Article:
SHERIDAN — The initial plan for Sheridan County to sell the property at 429 W. Alger St., formerly owned by the Sheridan County Fulmer Public Library, now remains on hold with direction to compile additional research on the project.
Discussions in October indicated the Sheridan County commissioners’ desire to sell the building after acquiring it from the library board of trustees.
Sheridan County Fulmer Public Library Foundation members presented prices from Fletcher Construction for both renovations and demolition of the building that currently needs repairs to be up to code for potential renters, if kept. Renovations ranged between $20,000 to $25,000 and demolition of the building estimated at $17,500.
Beth White, chair of the foundation board, told commissioners, on behalf of the foundation, that the foundation remained willing to take ownership of the property again.
“We would certainly be willing to take over the responsibility for it so there would be no burden on the library and there would be no cost to the county,” White said, “which I think is a much better option than you guys selling it.”
Sheridan County administrative director Renee Obermueller said the foundation acquired the building in 2001 and a quitclaim deed for the property in 2005 transferred ownership from the foundation to the county. Obermueller said she didn’t know the history of the quitclaim and why the foundation did not remain the owner of the property.
“I don’t know if there were some bylaw restrictions on owning property or assets by the foundation,” Obermueller said.
She said she needed to first consult the county’s legal team before transferring ownership of the property to the foundation.
White said the building was initially purchased by the foundation for future use and space for the library. Compass Center for Families occupied the space from 2006 until the organization received new facilities last spring.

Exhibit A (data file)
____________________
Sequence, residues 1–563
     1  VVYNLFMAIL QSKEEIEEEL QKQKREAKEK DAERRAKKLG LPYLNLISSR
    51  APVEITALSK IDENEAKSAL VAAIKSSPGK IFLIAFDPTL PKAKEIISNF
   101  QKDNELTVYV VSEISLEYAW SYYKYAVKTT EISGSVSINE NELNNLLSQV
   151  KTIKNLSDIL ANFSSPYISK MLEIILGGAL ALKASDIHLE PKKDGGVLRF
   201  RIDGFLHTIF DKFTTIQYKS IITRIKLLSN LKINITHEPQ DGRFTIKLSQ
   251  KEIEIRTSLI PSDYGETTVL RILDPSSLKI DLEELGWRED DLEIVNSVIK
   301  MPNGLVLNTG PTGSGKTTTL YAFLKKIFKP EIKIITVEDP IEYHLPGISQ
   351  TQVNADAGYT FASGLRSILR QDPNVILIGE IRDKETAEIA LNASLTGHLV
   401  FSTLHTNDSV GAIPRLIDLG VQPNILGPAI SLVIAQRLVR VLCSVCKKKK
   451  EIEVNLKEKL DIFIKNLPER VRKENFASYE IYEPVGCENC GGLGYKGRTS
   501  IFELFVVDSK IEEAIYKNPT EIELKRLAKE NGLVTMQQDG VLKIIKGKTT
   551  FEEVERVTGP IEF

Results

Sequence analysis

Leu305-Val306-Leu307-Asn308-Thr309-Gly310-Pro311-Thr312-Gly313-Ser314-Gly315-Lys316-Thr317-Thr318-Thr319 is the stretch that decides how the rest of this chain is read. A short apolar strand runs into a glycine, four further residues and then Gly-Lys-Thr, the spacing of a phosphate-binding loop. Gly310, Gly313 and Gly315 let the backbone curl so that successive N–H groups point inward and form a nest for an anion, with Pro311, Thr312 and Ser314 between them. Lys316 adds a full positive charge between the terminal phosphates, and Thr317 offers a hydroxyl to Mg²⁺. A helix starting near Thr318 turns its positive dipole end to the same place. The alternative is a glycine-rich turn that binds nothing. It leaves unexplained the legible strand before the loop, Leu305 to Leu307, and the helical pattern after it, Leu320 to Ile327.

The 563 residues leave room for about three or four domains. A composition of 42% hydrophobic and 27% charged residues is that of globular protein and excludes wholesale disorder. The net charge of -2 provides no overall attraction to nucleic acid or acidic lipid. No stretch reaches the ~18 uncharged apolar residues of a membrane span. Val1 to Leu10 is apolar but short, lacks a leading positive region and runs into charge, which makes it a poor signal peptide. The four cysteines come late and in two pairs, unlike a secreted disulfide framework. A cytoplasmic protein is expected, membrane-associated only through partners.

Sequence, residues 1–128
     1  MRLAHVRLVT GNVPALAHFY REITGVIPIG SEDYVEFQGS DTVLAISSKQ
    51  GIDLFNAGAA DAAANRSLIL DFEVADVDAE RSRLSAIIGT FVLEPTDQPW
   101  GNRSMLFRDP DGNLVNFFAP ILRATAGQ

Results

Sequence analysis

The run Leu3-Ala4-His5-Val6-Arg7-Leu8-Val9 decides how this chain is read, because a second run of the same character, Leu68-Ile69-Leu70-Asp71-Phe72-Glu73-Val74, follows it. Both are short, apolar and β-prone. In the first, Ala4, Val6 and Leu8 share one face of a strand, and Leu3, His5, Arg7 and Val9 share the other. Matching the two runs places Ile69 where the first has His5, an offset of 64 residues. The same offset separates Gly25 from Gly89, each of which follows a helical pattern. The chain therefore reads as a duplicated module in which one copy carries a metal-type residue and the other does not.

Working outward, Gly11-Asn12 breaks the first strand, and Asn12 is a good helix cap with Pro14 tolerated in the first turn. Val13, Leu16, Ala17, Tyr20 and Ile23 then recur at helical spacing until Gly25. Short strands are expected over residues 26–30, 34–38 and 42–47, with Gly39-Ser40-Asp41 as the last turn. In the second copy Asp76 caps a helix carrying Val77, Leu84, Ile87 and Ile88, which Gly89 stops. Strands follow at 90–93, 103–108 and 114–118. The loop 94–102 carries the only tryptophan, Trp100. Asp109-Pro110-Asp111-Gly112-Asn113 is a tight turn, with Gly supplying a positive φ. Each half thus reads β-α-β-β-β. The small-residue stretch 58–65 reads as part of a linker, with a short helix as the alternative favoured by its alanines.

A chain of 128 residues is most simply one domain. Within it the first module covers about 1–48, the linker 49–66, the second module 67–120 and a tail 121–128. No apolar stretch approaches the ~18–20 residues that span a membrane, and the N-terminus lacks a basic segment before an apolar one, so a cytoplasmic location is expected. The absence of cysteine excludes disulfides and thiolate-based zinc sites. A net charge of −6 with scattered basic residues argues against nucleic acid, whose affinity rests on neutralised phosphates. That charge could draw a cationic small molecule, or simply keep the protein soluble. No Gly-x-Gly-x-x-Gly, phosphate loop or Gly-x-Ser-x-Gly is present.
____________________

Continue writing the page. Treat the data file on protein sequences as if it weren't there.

“We don’t know what that future use might be, but it’s a pretty huge asset to have,” White said. “It’s probably something we’d never be able to get back.”
White discussed options of possibly keeping the demolitioned area as green space available for future library expansion or renting the building out if the foundation again receives ownership and decides to renovate.
County commissioner Tom Ringley suggested a quitclaim deed for the property to ensure the county will no longer hold any responsibility to the property.
Obermueller reminded the board of commissioners of the demolition option, despite its political nature.
“If you’re looking at the future of the library and maintaining the property, it removes the liability of the building,” Obermueller said.
Obermueller said continued work on the building and maintenance remains the county’s concern.
“$20,000 is going to put a bandaid on what needs to be done,” Obermueller said. “It’s not going to solve the problem of that building.”
Ringley insisted continued research on the project include the library foundation and board of trustees and the burden not to fall entirely on Obermueller. Commissioner Terry Cram agreed with the idea to quitclaim a deed to the foundation to have it make the final decisions.
The commissioners set a timeline of discussing the project again in spring 2018.